“It’s a significant phenomenon when you have a number of CEOs of companies saying, ‘Yeah, there should be regulation of our industry,’” says Cameron Kerry, a visiting fellow at the Brookings Institution’s Center for Technology Innovation and an expert in AI and information technology. “That’s a pretty unusual event.”

Some have drawn lessons from social media, which today remains largely unregulated. In a recent op-ed published in The New York Times, author and historian Yuval Noah Harari and Center for Humane Technology co-founders Tristan Harris and Aza Raskin argued that global society’s ongoing inability to regulate or rein in the psychologically harmful and politically divisive impacts of AI spells bad news for the new wave of more advanced AI models like ChatGPT. “Social media was the first contact between AI and humanity, and humanity lost,” the authors wrote. “First contact has given us the bitter taste of things to come.”

A unified AI agency v ‘hub-and-spoke approach’

Opinions about how to best develop and deploy AI regulation in the US differ sharply.

Altman, for one, has advocated for the formation of a new government agency devoted specifically to the oversight of AI. But University of Florida law and engineering professor Barbara Evans says that the creation of new regulatory agencies ”requires a level of consensus that probably can’t be achieved in today’s fractious [political] environment.” But “even if there were a consensus,” Evans argues, “forming a single AI oversight body probably isn’t a good idea.”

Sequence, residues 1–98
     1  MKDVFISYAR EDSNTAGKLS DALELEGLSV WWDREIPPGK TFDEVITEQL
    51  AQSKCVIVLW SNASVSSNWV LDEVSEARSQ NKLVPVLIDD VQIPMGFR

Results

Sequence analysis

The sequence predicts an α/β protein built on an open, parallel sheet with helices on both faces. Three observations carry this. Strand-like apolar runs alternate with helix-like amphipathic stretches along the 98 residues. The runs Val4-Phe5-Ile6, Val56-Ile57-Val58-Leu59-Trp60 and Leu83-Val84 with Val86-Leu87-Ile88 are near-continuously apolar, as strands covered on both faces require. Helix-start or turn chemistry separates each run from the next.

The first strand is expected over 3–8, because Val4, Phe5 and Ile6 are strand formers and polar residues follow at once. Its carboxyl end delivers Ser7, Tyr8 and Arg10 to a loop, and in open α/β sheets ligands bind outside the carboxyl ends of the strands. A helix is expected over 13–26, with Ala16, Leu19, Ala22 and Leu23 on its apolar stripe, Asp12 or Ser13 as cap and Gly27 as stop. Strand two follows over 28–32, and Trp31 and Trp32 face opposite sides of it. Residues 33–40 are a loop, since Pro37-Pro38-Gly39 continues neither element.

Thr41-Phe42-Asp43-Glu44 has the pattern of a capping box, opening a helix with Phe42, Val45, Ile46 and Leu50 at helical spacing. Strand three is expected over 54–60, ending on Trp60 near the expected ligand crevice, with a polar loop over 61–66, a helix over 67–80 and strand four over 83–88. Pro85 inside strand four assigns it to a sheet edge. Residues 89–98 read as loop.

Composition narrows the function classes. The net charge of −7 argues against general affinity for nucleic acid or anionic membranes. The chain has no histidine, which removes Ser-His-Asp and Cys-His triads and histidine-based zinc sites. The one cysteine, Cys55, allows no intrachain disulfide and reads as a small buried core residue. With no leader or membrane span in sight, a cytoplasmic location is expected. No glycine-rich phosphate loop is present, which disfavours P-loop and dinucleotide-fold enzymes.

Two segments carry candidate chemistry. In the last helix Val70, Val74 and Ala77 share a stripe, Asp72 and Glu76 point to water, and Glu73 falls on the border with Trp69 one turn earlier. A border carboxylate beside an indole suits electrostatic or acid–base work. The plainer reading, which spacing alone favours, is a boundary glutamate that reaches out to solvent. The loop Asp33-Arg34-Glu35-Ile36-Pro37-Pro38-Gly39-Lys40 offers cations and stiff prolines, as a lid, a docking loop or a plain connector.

“Policymakers and members of the public tend to speak of ‘AI’ as if it were a single, unified phenomenon,” she says. “In reality, ‘AI’ refers to thousands of computational tools that will be deployed in a wide variety of vastly different settings, each posing different risks and offering different benefits to society.” As a result, Evans argues, government regulation of AI "needs to be custom-tailored to the precise setting where the AI is deployed.”

Rather than a single AI-focused agency, Evans suggests that it may be more effective to “mobilize all the existing US federal agencies to oversee the use of AI within the specific industries they already regulate, and develop some clear instructions on who is doing what and how to share responsibilities among them.”